I’ve lived in the Lower Similkameen for six years now. I know that for many Review readers, that still makes me a new-comer. But six years is long enough to know that this is a special place. I love it here. I especially like our growing and harvest seasons. The old song title would seem apropos for us: “Summertime, and the Livin’ is Easy”.
I’m also thankful for my job. I think it’s an important job, and I find satisfaction in it. I work with people I like and respect. And as the RCMP’s Victim Services Coordinator I often meet people in their most vulnerable times. They share themselves with me more deeply sometimes than people normally would. Usually because they’re hurting, or because they’re concerned about someone else who’s been hurt, or is anxious, or afraid. Some of you who are reading this may be among them, or they may be your friend or neighbor or family member. In a small community such as ours, chances are that you do know at least some of my clients, though you may not know it.
And of this I’m also certain: For every one of my clients, there are many more who are hurting just as much. They do so in silence; they try, for many reasons, to keep their sufferings secret. And even when it may not be a secret, many choose not to report their problems to the police, or even to other helping professions. Yes, here in our Valley, for most of us, the livin’ is easy. But not for everyone. And not all the time. Not even in summer.
Precisely because of my job, I may be more aware than many of us of the amount of “un-easiness” that also resides here. Specifically, I’m speaking of spousal abuse, child abuse, elder abuse, sexual assault, and bullying.
No, it is not of epidemic proportion. It may even be that there’s a little less of it in our valley than throughout our country and province in general. Maybe. Even so, family and relational violence is here. It’s sad, it’s ugly, it’s always destructive, and it can be deadly. It deserves to be addressed, and not ignored.
Beginning this week, you will see posters on bulletin boards and in store windows throughout our valley. The poster addresses several forms of abuse, and features two prominent words in bold black print: “STOP IT!” They’re meant to grab your attention. The posters are not meant to imply an epidemic, but to name and address a real, existing problem, of which we have our share. They are part of the efforts of PVPP – our area’s Proactive Violence Prevention Project – whose purpose is to promote “Safety in our Homes, Safety in Our Communities”, “through awareness, education, and positive action.”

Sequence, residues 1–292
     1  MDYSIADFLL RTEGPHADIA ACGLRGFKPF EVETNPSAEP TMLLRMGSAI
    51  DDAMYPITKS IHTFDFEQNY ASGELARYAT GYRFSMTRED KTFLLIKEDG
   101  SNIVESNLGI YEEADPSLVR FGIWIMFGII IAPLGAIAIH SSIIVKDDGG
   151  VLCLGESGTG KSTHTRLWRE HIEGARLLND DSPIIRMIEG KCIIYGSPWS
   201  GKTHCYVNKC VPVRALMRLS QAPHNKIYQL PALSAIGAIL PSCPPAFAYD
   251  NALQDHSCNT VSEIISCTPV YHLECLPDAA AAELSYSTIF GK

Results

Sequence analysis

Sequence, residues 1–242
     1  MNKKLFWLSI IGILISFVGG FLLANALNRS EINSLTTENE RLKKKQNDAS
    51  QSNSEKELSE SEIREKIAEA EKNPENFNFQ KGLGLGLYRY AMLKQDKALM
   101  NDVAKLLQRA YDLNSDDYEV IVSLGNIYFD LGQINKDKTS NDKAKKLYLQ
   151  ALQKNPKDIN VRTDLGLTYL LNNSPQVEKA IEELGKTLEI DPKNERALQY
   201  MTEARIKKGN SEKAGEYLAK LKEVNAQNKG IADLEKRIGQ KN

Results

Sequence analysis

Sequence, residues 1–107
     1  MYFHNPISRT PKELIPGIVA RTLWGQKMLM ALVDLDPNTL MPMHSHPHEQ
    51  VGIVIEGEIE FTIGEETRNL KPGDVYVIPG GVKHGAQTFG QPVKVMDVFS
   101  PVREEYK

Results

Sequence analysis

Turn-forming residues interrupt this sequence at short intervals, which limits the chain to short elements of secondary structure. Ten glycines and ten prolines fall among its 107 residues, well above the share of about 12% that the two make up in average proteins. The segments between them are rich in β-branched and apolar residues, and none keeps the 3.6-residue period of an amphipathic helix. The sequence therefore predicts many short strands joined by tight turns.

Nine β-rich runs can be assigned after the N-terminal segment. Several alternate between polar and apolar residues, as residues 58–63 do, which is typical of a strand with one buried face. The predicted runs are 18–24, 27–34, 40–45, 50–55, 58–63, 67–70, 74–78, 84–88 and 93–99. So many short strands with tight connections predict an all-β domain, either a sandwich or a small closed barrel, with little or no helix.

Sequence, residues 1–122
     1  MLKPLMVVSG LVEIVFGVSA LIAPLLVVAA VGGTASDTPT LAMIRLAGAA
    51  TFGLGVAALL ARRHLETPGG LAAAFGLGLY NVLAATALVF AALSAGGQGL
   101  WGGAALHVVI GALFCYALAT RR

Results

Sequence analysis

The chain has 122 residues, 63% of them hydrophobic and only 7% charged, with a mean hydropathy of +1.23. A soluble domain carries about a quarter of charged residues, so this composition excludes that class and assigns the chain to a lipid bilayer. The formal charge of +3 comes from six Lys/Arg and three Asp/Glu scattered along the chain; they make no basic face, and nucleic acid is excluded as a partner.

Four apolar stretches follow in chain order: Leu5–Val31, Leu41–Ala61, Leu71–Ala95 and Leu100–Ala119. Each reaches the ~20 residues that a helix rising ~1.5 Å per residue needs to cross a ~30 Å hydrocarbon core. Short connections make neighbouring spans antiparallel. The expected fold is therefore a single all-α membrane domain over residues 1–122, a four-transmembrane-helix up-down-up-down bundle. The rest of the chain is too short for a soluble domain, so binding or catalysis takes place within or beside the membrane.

A colleague, in response to his early viewing of the poster, has described it as “strident”. He says its message “implies a serious scale and incidence in our community” and he asks to be referred to “any formal stats from reliable sources on the incidence of [these abuses] in our area.” I appreciate his comments. They may well be predictive of the response of others who will see the poster.
Regarding statistics, I have shared many of them in several articles over the past two-plus years. Though I will not repeat them in this article, they are sobering, and my office can provide them to anyone who may be interested. Here, though, let me share some local numbers, from just two venues. (1) My office works with an average of 25 cases of domestic abuse per year, all within our valley area. But I do not receive client referrals from every domestic abuse or sexual assault case dealt with by the police. And we know that many assaults are never reported to the police at all. (One studied estimate is that only 20 per cent are reported. Conservatively, that would mean that our valley experiences over two cases of domestic abuse per week.) (2) During the school year SESS deals with instances of bullying on at least a weekly basis. It’s summertime, and school is in recess. But bullying isn’t. In fact, without the positive structured socialization influence of the school, bullying is bound to increase through the summer months.
Regarding whether abuse, assault, and bullying are of “serious scale and incidence in our community”, what do you think? An average of three or more incidents per week – over 150 per year — in a seemingly quiet little valley seems serious to me. And I’m pretty sure that the victims of these acts of violence would agree.
Finally, while I would not argue the description of the poster as “strident”, I would instead describe it as “clear and to the point”. Its two bold key words – STOP IT — are addressed, with different nuances, to two different audiences. To persons who are violent and abusive in their relationships with persons close to them, they mean exactly what they say: “Stop your violent behavior now! It’s just plain wrong!” (The poster also offers help to them in changing their behaviors, through a referral phone number.) The second audience is much larger; it includes all the rest of us – men and women of all ages who live here. Each of us can play a role in helping to stop familial violence, in a number of ways. (Last month, in observance of “World Elder Abuse Awareness Day”, this paper printed an article that spelled out several specific suggestions. We’ll review them again, in another article.)
The posters will be present throughout the summer. They are not meant to cloud our sunny days of easy living. Their purpose is to raise our awareness that livin’ is not so easy for everyone, and that we can all play a part in changing that fact. Enjoy your summer. Take it easy. And if you have some spare time, call PVPP and see what you can do to help stop violence in our homes and communities. Being aware is a first, and important, step.
– Ron Shonk